In their defense, many developers of predictive policing tools say that they have started using victim reports to get a more accurate picture of crime rates in different neighborhoods. In theory, victim reports should be less biased because they aren’t affected by police prejudice or feedback loops.  

But Nil-Jana Akpinar and Alexandra Chouldechova at Carnegie Mellon University show that the view provided by victim reports is also skewed. The pair built their own predictive algorithm using the same model found in several popular tools, including PredPol, the most widely used system in the US. They trained the model on victim report data for Bogotá, Colombia, one of very few cities for which independent crime reporting data is available at a district-by-district level.

When they compared their tool’s predictions against actual crime data for each district, they found that it made significant errors. For example, in a district where few crimes were reported, the tool predicted around 20% of the actual hot spots—locations with a high rate of crime. On the other hand, in a district with a high number of reports, the tool predicted 20% more hot spots than there really were.

For Rashida Richardson, a lawyer and researcher who studies algorithmic bias at the AI Now Institute in New York, these results reinforce existing work that highlights problems with data sets used in predictive policing. “They lead to biased outcomes that do not improve public safety,” she says. “I think many predictive policing vendors like PredPol fundamentally do not understand how structural and social conditions bias or skew many forms of crime data.”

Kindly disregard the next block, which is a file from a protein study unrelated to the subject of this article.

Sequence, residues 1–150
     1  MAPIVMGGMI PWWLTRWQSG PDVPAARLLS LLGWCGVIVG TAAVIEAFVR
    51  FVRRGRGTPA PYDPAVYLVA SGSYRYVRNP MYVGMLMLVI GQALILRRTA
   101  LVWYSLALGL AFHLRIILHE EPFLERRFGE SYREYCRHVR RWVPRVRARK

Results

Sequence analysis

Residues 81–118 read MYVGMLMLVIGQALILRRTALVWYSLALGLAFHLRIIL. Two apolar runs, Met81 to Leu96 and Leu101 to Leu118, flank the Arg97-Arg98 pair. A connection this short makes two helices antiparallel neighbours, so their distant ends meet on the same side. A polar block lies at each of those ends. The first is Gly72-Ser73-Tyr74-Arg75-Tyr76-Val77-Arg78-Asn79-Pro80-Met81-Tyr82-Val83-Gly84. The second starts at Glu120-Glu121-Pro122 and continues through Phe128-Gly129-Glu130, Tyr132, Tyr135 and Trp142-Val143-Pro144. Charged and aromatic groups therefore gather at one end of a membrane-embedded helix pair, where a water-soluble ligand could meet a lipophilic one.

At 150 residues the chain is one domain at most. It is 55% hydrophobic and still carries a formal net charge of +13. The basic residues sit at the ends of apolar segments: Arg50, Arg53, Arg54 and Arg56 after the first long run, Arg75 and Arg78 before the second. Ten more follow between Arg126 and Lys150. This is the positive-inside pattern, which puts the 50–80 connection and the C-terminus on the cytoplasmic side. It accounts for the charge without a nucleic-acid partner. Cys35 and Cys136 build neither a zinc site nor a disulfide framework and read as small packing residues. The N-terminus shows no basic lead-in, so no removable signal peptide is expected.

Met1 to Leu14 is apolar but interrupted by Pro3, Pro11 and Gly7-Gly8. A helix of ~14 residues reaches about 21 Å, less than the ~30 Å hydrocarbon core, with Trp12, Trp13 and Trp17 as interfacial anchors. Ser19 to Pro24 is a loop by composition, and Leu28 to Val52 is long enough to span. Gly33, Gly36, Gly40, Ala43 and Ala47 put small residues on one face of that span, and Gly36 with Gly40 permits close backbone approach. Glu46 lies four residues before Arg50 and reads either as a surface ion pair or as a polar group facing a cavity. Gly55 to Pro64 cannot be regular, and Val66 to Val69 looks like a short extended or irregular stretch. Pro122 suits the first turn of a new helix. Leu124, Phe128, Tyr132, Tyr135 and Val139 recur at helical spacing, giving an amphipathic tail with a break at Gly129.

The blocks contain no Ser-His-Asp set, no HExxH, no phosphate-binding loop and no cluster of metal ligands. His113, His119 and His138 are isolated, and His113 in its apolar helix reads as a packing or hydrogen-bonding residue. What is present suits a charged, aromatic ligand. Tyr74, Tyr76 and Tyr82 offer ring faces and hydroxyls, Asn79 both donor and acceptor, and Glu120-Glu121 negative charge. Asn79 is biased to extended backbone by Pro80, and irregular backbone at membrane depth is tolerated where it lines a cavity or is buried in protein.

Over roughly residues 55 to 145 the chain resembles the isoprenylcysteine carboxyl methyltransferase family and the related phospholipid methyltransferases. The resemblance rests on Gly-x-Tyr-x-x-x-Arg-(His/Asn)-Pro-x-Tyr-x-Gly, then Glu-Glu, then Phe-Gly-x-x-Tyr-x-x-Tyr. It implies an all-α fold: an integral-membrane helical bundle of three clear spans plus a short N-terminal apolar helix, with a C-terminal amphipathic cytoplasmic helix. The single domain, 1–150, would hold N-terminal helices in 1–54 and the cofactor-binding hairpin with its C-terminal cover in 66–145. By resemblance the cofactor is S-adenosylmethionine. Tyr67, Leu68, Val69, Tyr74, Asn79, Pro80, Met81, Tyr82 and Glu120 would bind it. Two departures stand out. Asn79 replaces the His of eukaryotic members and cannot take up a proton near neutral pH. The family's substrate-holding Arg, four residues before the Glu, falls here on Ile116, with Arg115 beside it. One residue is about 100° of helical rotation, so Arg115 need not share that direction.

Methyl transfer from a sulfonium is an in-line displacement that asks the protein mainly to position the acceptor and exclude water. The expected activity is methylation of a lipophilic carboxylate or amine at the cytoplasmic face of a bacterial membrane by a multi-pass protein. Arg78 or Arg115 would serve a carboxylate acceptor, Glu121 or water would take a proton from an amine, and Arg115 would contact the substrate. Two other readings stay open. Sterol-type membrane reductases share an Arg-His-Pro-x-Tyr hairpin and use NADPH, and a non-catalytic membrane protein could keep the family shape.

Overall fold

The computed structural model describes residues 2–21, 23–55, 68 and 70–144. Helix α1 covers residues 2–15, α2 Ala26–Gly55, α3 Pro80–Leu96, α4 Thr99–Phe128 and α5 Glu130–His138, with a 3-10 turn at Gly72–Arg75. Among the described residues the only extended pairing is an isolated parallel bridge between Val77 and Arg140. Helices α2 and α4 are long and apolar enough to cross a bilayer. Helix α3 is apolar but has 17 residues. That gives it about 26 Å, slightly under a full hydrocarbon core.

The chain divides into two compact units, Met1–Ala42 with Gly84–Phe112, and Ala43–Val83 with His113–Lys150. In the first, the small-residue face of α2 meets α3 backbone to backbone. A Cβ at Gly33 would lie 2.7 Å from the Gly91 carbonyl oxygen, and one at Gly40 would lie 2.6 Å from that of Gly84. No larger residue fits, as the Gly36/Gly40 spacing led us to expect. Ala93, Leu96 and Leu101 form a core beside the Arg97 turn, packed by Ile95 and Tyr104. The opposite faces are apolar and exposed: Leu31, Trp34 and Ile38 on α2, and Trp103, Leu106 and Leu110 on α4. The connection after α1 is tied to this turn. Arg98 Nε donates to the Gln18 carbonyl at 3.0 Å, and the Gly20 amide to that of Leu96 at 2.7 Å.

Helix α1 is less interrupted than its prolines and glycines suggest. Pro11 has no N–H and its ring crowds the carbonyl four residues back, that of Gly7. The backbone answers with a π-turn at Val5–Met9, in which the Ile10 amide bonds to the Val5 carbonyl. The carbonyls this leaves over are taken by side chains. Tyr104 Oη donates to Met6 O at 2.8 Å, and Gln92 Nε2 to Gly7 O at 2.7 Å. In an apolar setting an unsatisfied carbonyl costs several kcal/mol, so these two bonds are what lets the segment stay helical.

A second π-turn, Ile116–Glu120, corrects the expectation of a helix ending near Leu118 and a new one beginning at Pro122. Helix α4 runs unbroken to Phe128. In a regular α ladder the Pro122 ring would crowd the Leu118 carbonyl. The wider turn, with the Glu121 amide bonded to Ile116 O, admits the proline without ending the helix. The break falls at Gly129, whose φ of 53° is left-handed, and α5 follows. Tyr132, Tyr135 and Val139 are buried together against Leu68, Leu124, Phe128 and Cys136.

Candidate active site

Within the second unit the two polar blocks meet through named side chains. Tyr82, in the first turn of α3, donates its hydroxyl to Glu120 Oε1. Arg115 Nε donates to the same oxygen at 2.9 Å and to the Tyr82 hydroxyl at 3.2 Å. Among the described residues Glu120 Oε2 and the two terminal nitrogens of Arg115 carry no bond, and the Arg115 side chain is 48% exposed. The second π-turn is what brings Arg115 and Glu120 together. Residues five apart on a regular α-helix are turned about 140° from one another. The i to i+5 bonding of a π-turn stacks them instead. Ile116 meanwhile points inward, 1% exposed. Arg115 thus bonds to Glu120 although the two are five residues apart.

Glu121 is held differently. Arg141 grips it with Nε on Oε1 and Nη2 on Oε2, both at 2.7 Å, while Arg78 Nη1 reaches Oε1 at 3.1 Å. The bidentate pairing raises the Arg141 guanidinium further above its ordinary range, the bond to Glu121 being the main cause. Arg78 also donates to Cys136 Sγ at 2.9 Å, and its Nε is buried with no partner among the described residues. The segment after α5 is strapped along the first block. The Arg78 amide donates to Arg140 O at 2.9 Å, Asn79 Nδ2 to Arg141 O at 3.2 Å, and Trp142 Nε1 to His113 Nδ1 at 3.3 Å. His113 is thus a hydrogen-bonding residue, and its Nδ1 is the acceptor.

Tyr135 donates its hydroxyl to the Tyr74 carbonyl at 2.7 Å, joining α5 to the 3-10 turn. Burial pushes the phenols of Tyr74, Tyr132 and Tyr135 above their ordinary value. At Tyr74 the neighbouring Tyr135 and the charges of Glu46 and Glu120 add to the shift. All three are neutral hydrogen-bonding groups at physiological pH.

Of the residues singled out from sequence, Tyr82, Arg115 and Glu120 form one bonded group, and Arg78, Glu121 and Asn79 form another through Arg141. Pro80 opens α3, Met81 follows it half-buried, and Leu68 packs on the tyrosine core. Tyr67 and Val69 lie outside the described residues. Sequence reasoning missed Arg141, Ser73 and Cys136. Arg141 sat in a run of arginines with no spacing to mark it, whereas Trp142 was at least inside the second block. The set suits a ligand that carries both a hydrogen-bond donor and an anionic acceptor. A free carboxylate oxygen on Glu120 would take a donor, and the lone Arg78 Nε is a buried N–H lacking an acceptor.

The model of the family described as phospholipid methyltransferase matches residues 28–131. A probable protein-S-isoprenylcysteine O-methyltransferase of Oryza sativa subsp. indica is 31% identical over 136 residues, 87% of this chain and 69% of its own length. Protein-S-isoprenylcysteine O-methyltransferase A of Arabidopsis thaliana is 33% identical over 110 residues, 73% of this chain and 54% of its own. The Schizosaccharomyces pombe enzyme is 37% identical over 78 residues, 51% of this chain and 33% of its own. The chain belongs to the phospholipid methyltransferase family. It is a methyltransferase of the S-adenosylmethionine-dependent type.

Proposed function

So why did the algorithm get it so wrong? The problem with victim reports is that Black people are more likely to be reported for a crime than white. Richer white people are more likely to report a poorer Black person than the other way around. And Black people are also more likely to report other Black people. As with arrest data, this leads to Black neighborhoods being flagged as crime hot spots more often than they should be.

Other factors distort the picture too. “Victim reporting is also related to community trust or distrust of police,” says Richardson. “So if you are in a community with a historically corrupt or notoriously racially biased police department, that will affect how and whether people report crime.” In this case, a predictive tool might underestimate the level of crime in an area, so it will not get the policing it needs. 

No quick fix

Worse, there’s still no obvious technical fix. Akpinar and Chouldechova tried to adjust their Bogotá model to account for the biases they observed but did not have enough data to make much difference—despite there being more district-level data for Bogotá than for any US city. “Ultimately, it is unclear if mitigating the bias in this case is any easier than previous efforts that worked to debias arrest-data-based systems,” says Akpinar.

What can be done? Richardson thinks that public pressure to dismantle racist tools and the policies behind them is the only answer. “It is just a question of political will,” she says. She notes that early adopters of predictive policing tools, like Santa Cruz, have announced they will no longer use them and that there have been scathing official reports on the use of predictive policing by the LAPD and Chicago PD. “But the responses in each city were different,” she says. 

Chicago suspended the use of predictive policing but reinvested in a database for policing gangs, which Richardson says has many of the same problems. 

“It is concerning that even when government investigations and reports find significant issues with these technologies, it is not enough for politicians and police officials to say it shouldn’t be used,” she says.